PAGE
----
Dr. Steeve Coupeau Goes One‐on‐One with Robert H. Lieberman, Director of “Echoes of The Empire: Beyond Genghis Khan”, 6/6/22

Mongolia, Robert H. Lieberman

(Author Provided/)

NYIHA MEDIA: Your documentary features a large number of interviewees from high-profile personalities, to members of parliament to artists. Can you talk about the selection of your interviewees?

Director Lieberman: Jack Weatherford, the New York Times best-selling author of “Genghis Khan and The Making of The Modern World” is the narrator of the film. I lost count of the number of people I interviewed, perhaps a hundred or more, and those that made it into the film did so, because they brought unique insights into the mentality of the Mongolian people.

The way I work relies on sheer serendipity. I meet someone, film them, and they end up suggesting that I speak to so-and-so, who then suggests someone else. And on and on it goes, the chain getting ever longer.

NYIHA MEDIA: Can you briefly talk about some of the key accomplishments of the rule of Genghis Khan?

Director Lieberman:As Jack Weatherford explains, Genghis Khan was a brutal conqueror, building the largest empire the world has ever seen. But he did build an aspirational foundation that remains to this very day. He provided the rule of law, allowed religious freedom, forbid the kidnapping of women, and provided protection for diplomats‐ who before had been regularly murdered.

Director Lieberman:Now an interesting aspect of the country is that it is the land of “eternal blue skies” and constant wind. So, this is a land just perfect for solar and wind power, which could replace the burning of coal. And that is the real promise and hope.

Yemen: Ancestral Honey Production at Risk by ICRC, 6/13/22

Honey, Yemen


According to UN figures, there are around 100,000 Yemeni households engaged in beekeeping and dependent on it as their sole source of income. Active frontlines prevent beekeepers from moving around the country to graze their bees. In addition, dozens of beekeepers have reportedly been killed when trying to cross frontlines while grazing their bees or trying to sell their products.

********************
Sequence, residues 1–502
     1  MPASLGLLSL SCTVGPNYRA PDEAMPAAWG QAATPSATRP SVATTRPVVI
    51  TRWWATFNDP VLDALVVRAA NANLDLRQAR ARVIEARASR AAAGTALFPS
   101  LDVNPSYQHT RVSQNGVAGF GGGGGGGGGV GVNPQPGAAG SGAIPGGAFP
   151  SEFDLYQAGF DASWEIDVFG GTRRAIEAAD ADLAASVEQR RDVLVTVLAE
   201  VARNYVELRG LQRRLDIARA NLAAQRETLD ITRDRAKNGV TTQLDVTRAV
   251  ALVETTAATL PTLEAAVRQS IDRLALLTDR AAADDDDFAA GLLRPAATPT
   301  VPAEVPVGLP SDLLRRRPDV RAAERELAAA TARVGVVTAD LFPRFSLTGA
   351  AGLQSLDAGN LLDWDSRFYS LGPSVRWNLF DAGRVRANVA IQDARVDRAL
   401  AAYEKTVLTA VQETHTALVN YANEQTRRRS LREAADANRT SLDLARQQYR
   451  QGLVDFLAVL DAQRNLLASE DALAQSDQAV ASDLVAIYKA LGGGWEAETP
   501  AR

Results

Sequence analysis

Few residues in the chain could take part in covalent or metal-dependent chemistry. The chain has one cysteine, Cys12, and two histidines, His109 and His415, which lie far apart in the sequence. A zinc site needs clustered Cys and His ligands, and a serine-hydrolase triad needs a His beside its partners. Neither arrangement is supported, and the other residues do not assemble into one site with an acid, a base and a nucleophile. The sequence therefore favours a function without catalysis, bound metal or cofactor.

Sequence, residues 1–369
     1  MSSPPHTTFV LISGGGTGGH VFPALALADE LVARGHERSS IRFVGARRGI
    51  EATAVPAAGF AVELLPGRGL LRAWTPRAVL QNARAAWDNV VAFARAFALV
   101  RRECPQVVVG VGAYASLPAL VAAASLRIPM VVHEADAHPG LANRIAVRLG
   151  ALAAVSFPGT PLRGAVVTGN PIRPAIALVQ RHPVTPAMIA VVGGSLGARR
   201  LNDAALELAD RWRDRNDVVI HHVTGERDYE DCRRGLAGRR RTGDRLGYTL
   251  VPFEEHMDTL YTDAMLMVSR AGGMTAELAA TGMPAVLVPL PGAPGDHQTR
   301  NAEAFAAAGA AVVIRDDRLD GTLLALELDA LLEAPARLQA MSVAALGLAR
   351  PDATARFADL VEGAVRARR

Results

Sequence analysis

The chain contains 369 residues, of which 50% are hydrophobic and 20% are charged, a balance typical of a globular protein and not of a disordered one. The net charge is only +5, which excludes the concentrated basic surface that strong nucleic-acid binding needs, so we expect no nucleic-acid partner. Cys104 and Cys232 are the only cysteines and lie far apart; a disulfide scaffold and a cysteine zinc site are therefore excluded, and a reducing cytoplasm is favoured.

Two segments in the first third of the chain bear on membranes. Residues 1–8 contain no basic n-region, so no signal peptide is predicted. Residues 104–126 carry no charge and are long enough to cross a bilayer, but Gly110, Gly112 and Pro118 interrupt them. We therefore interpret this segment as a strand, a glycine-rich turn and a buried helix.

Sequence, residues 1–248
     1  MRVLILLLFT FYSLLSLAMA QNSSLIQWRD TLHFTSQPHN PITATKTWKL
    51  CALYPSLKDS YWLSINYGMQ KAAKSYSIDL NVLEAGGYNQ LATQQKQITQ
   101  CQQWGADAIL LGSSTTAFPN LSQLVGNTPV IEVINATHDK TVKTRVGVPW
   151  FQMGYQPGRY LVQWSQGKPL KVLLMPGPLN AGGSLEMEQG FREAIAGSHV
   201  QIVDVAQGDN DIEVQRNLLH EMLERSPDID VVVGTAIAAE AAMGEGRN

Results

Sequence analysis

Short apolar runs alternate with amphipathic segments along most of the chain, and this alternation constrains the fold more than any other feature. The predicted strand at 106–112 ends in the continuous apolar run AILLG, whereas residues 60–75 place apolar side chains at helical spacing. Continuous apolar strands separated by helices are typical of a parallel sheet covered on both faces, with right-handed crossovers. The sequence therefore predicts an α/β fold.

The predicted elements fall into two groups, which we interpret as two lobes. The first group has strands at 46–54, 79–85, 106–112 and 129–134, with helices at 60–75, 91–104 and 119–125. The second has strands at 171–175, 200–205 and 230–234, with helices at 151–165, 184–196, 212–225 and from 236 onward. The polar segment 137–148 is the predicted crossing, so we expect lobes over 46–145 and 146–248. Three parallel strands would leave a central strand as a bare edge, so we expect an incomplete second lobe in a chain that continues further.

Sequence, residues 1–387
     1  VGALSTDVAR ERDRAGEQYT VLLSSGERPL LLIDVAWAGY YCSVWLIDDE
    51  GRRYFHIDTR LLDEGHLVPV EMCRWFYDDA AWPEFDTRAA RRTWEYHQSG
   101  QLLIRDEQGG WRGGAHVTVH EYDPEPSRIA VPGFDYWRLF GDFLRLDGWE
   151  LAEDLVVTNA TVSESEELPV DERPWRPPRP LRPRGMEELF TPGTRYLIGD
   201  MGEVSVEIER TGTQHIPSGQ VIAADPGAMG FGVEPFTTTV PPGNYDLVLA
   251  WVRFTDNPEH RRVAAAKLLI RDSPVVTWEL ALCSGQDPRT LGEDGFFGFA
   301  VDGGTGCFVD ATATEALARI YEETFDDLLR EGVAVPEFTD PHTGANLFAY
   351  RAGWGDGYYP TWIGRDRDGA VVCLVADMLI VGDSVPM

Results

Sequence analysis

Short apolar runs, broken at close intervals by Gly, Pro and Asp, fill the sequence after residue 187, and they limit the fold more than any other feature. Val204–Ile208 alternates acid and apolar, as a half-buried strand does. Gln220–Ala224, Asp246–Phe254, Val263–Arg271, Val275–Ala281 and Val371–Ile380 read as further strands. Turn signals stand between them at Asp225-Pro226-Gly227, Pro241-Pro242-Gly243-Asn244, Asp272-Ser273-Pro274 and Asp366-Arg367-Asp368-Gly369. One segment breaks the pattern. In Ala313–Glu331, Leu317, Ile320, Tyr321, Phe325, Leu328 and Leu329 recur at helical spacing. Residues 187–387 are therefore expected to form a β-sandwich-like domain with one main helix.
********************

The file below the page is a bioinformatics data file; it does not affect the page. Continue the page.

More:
“The mountain chain on Yemen's west coast is a historic center for honey production, but for the last eight years the same area has been a battlefield,” said Amin, a honey producer from Taiz, one of the cities that has been severely impacted by the ongoing conflict. “The worst day of my life was when a rocket landed on my bee colony. Since then, the situation has worsened; the business is no longer lucrative, the bees are disturbed, and life has gone from bad to worse.”

The presence of landmines and unexploded ordnance (UXO) presents a grave threat to all Yemenis, as there are more than 1 million land mines and improvised explosive devices scattered all over the country, killing and maiming civilians on a daily basis. Being a beekeeper in areas highly impacted by violence means further risk of being targeted by parties to the conflict while grazing bees in places close to active front lines. This situation has forced thousands of beekeepers to desert the honey industry and practice other occupations which require less movement.

“I am forced to stay in my area which is also forcing me to depend on only one season of production and that is not enough to be able to support my children,” said Youssef a beekeeper from Hajja governorate.


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